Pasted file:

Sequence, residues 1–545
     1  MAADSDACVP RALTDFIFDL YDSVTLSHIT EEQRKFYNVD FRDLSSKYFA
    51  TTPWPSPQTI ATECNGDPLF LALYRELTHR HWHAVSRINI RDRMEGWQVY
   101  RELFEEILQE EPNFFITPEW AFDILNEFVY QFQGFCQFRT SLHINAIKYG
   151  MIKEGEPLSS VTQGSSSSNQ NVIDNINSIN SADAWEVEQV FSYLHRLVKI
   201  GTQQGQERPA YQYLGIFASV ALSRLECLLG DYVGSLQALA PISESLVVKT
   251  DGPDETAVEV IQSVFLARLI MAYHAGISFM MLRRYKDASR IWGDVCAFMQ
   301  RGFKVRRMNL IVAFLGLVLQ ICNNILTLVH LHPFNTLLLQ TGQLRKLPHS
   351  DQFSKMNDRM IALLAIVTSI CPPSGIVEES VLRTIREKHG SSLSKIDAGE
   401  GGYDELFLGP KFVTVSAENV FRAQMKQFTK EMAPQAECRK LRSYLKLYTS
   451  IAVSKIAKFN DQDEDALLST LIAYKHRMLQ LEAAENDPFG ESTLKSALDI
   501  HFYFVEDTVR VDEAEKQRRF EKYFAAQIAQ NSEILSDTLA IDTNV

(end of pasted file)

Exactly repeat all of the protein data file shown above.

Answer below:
Sequence, residues 1–545
     1  MAADSDACVP RALTDFIFDL YDSVTLSHIT EEQRKFYNVD FRDLSSKYFA
    51  TTPWPSPQTI ATECNGDPLF LALYRELTHR HWHAVSRINI RDRMEGWQVY
   101  RELFEEILQE EPNFFITPEW AFDILNEFVY QFQGFCQFRT SLHINAIKYG
   151  MIKEGEPLSS VTQGSSSSNQ NVIDNINSIN SADAWEVEQV FSYLHRLVKI
   201  GTQQGQERPA YQYLGIFASV ALSRLECLLG DYVGSLQALA PISESLVVKT
   251  DGPDETAVEV IQSVFLARLI MAYHAGISFM MLRRYKDASR IWGDVCAFMQ
   301  RGFKVRRMNL IVAFLGLVLQ ICNNILTLVH LHPFNTLLLQ TGQLRKLPHS
   351  DQFSKMNDRM IALLAIVTSI CPPSGIVEES VLRTIREKHG SSLSKIDAGE
   401  GGYDELFLGP KFVTVSAENV FRAQMKQFTK EMAPQAECRK LRSYLKLYTS
   451  IAVSKIAKFN DQDEDALLST LIAYKHRMLQ LEAAENDPFG ESTLKSALDI
   501  HFYFVEDTVR VDEAEKQRRF EKYFAAQIAQ NSEILSDTLA IDTNV